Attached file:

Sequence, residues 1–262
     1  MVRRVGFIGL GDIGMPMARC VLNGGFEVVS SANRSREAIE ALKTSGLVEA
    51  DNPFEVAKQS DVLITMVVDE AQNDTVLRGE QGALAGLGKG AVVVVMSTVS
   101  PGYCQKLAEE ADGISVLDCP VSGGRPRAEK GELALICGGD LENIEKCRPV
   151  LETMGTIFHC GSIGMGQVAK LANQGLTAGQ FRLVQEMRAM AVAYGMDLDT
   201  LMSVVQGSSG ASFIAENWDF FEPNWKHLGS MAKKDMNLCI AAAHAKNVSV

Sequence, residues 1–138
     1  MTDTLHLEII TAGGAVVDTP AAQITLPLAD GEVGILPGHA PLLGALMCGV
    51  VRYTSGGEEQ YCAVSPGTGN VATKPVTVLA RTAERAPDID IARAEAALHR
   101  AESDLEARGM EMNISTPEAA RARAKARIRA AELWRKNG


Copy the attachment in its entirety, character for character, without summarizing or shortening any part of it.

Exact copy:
Sequence, residues 1–262
     1  MVRRVGFIGL GDIGMPMARC VLNGGFEVVS SANRSREAIE ALKTSGLVEA
    51  DNPFEVAKQS DVLITMVVDE AQNDTVLRGE QGALAGLGKG AVVVVMSTVS
   101  PGYCQKLAEE ADGISVLDCP VSGGRPRAEK GELALICGGD LENIEKCRPV
   151  LETMGTIFHC GSIGMGQVAK LANQGLTAGQ FRLVQEMRAM AVAYGMDLDT
   201  LMSVVQGSSG ASFIAENWDF FEPNWKHLGS MAKKDMNLCI AAAHAKNVSV

Sequence, residues 1–138
     1  MTDTLHLEII TAGGAVVDTP AAQITLPLAD GEVGILPGHA PLLGALMCGV
    51  VRYTSGGEEQ YCAVSPGTGN VATKPVTVLA RTAERAPDID IARAEAALHR
   101  AESDLEARGM EMNISTPEAA RARAKARIRA AELWRKNG